Isotonic contractions

Fig. 9.3 shows a common arrangement for recording isotonic contractions. The after-load stop serves to support the load when the muscle is relaxed and to determine the initial length of the muscle. If it were not there the muscle would take up longer initial lengths with heavier loads, which would make it more difficult to interpret the results of experiments with different loads.

Fig. 9.7a shows what happens when the muscle has to lift a moderate load while being stimulated tetanically. The tension in the muscle starts to rise soon after the first stimulus, but it takes some time to reach a value sufficient to lift the load, so that there is no shortening at first and the muscle is contracting isometrically. Eventually the tension becomes equal to the load and so the muscle begins to shorten; the tension remains constant during this time and the muscle contracts isotonically. It is noticeable that initially the velocity of shortening during the isotonic phase is constant, provided that the muscle was initially at a length near to its maximum length in the body. As the muscle shortens further, however, its velocity of shortening falls until eventually it can shorten no further and shortening ceases. When the period of stimulation a

Length

Tension _

Stimulus

J -High load

Fig. 9.7. After-loaded isotonic tetanic contractions. a shows the length and tension changes during a single contraction, with shortening as an upward deflection of the length trace. b shows the initial length changes in contractions against different loads.

ends, the muscle is extended by the load as it relaxes until the lever meets the after-load stop, after which relaxation becomes isometric and the tension in the muscle falls to its resting level.

If we repeat this procedure with different loads (as in Fig. 9.7b), we find that the contractions are affected in three ways.

1 The delay between the stimulus and the onset of shortening is longer with heavier loads. This is because the muscle takes longer to reach the tension required to lift the load.

2 The total amount of shortening decreases with increasing load. This is because the isometric tension falls at shorter lengths (Fig. 9.6) and so the more heavily loaded muscle can only shorten by a smaller amount before its isometric tension becomes equal to the load. Fig. 9.8 illustrates this point.

Fig. 9.8. Diagram showing why it is that a lightly loaded muscle can shorten further than a heavily loaded one. Starting from point a on the length axis, the muscle contracts isometrically until its tension is equal to the load it has to lift, and then it shortens until it meets the isometric length-tension curve. With a heavy load (P1) this occurs at x, with a lighter load (P2) it occurs at y. Notice that point x can also be reached by an isometric contraction from point b. (When starting from a much extended length, a muscle may in practice stop short of point x when lifting load P1; this is probably caused by inequalities in the muscle.).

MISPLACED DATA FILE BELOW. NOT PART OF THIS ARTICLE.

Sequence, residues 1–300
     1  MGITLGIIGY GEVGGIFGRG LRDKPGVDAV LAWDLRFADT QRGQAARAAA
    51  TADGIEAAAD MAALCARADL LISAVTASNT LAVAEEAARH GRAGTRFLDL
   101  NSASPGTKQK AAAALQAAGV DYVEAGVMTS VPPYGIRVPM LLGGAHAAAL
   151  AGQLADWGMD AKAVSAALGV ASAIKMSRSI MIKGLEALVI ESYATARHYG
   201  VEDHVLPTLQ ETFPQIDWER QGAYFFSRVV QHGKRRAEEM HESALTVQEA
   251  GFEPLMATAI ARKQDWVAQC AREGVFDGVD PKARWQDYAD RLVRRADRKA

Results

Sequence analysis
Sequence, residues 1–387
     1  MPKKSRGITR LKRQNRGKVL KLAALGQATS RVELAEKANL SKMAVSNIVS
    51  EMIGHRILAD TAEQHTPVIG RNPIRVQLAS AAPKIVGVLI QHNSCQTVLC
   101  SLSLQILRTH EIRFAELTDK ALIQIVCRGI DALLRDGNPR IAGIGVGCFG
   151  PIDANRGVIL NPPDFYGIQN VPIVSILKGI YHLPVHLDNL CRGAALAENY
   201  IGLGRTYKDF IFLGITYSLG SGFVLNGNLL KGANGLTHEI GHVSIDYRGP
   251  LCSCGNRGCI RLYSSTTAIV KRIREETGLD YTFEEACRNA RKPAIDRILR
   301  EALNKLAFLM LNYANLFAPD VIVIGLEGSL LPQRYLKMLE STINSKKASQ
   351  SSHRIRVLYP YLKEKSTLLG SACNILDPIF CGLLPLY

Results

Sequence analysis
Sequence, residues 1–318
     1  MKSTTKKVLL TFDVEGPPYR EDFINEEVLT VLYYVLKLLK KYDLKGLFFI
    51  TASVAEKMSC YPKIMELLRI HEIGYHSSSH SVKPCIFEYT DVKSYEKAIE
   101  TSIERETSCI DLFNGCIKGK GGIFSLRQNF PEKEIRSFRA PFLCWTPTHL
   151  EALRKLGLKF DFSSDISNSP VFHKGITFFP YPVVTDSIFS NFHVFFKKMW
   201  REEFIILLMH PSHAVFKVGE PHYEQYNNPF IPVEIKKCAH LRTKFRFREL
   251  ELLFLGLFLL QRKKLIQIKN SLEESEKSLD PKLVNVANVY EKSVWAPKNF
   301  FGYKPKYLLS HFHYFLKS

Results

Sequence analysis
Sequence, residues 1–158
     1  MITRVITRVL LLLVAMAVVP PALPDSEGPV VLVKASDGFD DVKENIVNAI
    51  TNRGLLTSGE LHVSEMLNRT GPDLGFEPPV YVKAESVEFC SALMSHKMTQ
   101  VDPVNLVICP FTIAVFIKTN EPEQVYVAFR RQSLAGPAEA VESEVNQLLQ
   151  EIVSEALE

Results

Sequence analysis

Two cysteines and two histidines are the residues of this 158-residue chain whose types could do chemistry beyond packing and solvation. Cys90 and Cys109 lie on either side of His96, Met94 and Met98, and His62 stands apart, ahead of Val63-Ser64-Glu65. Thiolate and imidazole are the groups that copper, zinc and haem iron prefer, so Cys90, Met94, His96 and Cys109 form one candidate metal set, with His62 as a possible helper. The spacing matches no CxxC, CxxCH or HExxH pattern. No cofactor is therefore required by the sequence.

Fig. 9.8. Diagram showing why it is that a lightly loaded muscle can shorten further than a heavily loaded one. Starting from point a on the length axis, the muscle contracts isometrically until its tension is equal to the load it has to lift, and then it shortens until it meets the isometric length-tension curve. With a heavy load (P1) this occurs at x, with a lighter load (P2) it occurs at y. Notice that point x can also be reached by an isometric contraction from point b. (When starting from a much extended length, a muscle may in practice stop short of point x when lifting load P1; this is probably caused by inequalities in the muscle.).

3 During the constant—velocity section of the isotonic contraction, the velocity of shortening decreases with increasing load. It becomes zero when the load equals the maximum tension which can be reached during an isometric contraction of the muscle at that length.

Notice that the first two of these observations are essentially predictable from what we already know about isometric contractions. We can quantify the third observation by plotting the initial velocity of shortening against the load to give a force—velocity curve, as in Fig. 9.9. The curve is more or less hyperbolic in shape, and is believed by many physiologists to be of fundamental importance in the understanding of muscle functioning.

In 1938 A. V. Hill produced an equation to describe the form of the force—velocity curve, as follows:

(P + a) (V+ b) = constant where Vis the velocity of shortening, Pis the force exerted by the muscle, P0 is the isometric tension, and a and b are constants.

Fig. 9.9. The force-velocity curve of a frog sartorius muscle at 0°C. From Hill (1938).
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